Access Type

Open Access Thesis

Date of Award

January 2015

Degree Type


Degree Name



Biomedical Engineering

First Advisor

Srinivasu Kallakuri

Second Advisor

John Cavanaugh


Blast induced neurotrauma (BINT) is the signature wound of veterans returning from various military operations. A substantial percentage of Operations Enduring Freedom (OEF) and Iraqi Freedom (OIF) veterans have reported to experience ongoing or new pain following their military service. Head (58%) and back (55%) have been the high prevailing locations of pain in these returning OIF and OEF veterans and the underlying pathomechanism of these conditions is yet to be understood. In the context of blast overpressure induced pathological changes, the fundamental question that still needs to be addressed is whether there are any underlying cellular injury changes the spinal cord following blast. If proven, it is postulated that cellular injury changes in the form of glial activation may contribute to neuronal sensitization and altered sensation through the release of various inflammatory mediators. Much of the previous and ongoing research studies have been directed at understanding blast induced changes in the brain alone with changes in the spinal cord still remaining an enigma. Accordingly, as a first step, we attempted to investigate spatial and temporal alterations in glial activation in the spinal cord following blast exposure. In addition, we also attempted to study the presence of axonal injury in the cervical spinal cord following blast overpressure.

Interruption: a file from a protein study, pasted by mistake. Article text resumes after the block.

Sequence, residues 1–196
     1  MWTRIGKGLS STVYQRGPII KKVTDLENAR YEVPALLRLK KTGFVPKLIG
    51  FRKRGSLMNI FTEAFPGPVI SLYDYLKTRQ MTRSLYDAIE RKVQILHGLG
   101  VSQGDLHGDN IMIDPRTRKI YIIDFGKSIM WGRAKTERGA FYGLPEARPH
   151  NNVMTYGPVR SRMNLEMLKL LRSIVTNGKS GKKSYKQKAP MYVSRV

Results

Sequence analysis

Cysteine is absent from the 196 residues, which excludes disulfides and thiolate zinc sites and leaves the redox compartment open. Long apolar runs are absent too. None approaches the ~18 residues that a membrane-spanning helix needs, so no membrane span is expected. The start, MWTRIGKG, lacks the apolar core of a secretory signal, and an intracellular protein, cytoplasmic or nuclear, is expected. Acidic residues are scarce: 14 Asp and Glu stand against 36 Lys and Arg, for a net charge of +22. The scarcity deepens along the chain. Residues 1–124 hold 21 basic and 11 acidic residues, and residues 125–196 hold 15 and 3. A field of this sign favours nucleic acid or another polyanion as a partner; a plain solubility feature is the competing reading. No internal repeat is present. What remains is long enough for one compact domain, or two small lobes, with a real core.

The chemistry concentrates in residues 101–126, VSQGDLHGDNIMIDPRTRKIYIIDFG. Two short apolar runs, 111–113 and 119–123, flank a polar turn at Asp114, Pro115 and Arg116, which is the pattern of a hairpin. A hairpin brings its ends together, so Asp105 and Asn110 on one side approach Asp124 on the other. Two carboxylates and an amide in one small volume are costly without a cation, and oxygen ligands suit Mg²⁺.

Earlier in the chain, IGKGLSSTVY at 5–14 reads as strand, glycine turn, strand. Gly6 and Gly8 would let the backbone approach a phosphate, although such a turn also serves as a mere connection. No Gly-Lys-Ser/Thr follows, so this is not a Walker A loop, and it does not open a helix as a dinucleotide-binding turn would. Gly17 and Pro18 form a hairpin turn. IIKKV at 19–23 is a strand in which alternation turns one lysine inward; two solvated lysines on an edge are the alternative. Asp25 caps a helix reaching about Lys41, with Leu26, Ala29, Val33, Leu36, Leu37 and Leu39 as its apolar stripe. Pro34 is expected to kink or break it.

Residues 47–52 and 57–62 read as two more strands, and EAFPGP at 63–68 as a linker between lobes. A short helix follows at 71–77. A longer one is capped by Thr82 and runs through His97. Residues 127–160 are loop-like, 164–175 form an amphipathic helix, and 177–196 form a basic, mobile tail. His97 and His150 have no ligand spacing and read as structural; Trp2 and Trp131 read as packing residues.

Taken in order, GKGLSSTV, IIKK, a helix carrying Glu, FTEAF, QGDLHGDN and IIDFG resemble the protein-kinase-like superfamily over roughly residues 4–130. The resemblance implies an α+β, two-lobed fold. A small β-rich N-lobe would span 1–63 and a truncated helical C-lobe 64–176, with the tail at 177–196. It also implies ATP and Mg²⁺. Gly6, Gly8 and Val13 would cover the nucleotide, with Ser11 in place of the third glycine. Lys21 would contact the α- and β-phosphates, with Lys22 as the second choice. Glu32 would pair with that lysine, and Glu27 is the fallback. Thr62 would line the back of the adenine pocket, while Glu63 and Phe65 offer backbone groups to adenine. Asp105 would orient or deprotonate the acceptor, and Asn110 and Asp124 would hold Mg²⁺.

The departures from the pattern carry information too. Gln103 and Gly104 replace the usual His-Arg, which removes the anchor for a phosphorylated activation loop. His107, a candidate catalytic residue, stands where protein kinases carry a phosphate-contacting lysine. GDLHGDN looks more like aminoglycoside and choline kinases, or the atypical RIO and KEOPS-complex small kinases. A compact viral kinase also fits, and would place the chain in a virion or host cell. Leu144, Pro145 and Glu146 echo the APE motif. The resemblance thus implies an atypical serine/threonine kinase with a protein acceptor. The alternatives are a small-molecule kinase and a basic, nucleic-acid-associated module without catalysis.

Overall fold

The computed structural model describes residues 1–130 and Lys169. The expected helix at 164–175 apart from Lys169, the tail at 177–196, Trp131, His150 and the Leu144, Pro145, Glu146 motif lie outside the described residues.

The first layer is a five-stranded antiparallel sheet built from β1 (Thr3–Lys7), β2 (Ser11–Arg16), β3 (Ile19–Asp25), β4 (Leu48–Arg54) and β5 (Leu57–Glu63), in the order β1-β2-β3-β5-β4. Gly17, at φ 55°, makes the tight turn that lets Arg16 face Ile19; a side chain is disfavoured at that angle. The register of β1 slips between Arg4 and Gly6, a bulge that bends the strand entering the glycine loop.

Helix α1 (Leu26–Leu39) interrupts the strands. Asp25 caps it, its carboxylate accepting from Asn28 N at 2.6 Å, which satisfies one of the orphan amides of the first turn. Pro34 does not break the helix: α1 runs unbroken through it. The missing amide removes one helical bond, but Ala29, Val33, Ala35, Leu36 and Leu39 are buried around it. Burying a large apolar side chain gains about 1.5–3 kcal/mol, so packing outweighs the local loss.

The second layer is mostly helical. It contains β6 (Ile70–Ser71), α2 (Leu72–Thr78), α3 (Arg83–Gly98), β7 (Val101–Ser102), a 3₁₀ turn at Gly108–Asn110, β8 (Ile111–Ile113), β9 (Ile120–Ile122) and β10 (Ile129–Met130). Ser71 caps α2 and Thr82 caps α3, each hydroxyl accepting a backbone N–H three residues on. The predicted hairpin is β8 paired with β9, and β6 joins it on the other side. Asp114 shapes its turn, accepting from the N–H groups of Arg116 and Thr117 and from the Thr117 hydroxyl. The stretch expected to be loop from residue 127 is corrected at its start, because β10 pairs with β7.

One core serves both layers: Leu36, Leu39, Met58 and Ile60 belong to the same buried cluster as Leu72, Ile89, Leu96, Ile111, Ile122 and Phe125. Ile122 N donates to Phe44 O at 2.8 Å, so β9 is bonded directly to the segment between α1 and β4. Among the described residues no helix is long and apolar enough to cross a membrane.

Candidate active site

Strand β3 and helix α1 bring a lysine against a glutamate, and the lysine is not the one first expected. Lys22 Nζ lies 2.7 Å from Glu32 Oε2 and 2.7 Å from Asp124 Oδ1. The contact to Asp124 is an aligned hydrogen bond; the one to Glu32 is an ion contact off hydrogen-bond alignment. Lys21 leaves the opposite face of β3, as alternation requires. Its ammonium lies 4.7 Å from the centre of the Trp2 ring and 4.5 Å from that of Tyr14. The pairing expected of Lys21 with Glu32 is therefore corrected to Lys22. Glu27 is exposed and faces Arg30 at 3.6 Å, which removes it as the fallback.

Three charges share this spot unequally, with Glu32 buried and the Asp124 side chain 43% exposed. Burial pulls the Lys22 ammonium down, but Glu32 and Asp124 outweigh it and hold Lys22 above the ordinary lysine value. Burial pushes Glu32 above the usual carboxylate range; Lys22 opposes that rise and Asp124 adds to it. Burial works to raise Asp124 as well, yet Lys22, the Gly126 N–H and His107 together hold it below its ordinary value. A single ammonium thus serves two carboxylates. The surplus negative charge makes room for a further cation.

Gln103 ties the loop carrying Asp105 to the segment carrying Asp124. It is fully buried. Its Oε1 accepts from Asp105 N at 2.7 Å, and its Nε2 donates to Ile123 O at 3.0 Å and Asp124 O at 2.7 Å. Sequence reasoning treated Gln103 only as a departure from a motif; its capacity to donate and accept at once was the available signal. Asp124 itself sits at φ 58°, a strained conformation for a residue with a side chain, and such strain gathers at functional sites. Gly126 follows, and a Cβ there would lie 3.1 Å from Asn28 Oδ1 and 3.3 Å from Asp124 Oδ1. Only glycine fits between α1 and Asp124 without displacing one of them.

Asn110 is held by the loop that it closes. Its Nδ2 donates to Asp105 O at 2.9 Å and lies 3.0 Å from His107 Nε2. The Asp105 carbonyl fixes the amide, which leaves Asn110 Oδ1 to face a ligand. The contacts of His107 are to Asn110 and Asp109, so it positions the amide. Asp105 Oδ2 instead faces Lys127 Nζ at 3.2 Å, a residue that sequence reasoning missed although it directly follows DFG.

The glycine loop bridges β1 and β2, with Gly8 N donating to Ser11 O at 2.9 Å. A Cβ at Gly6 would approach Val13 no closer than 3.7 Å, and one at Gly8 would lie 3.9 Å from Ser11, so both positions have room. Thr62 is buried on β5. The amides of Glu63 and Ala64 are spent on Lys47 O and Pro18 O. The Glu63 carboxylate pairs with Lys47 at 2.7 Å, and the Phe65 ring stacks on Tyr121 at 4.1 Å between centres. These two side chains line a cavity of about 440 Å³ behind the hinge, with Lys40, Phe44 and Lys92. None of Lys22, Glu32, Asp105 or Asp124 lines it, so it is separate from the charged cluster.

As part of this investigation, anaesthetized male Sprague Dawley rats were subjected to a single insult of blast overpressure (22psi)using a helium driven shock tube. The rats were divided into two groups; Sham and Blast with acute and sub-acute survival periods; 6hrs, 24hrs, 3days and 7days respectively. Glial activation was assessed by GFAP (Glial Fibrillary Acidic Protein) and IBA1 (Ionized Calcium Binding Molecule 1) immunohistochemistry. GFAP and Iba1 are routinely used to investigate astrocytic and microglial activation in the brain and spinal cord. Axonal injury in the cervical spinal cord was assessed by β-APP (Beta Amyloid Precursor Protein) immunohistochemistry. β-APP is a commonly used marker to detect the presence of diffuse axonal injury in the brain.

Behaviorally, blast exposed rats exhibited significantly increased surface righting duration compared to sham rats. Our immunohistochemistry results indicate differential activation of astrocytes and microglia in various spinal cord regions in blast exposed group compared to sham. Rats subjected to blast overpressure showed increased expression of astrocytes and microglia at acute and sub-acute periods. Evidence of diffuse axonal injury also observed in the cervical spinal cord following the blast overpressure. Taken together, our results suggest that blast exposure in a craniocephalic orientation in rats resulted an enhanced spinal glial reactivity as well as cervical spinal axonal injury. We postulate that injury changes in the form of activation of astrocytes and microglia with diffuse axonal injury may contribute to the release of various inflammatory mediators which may in turn be related to the ensuing sensory changes. These results lay foundation to further studies on blast related injury changes in the spinal cord.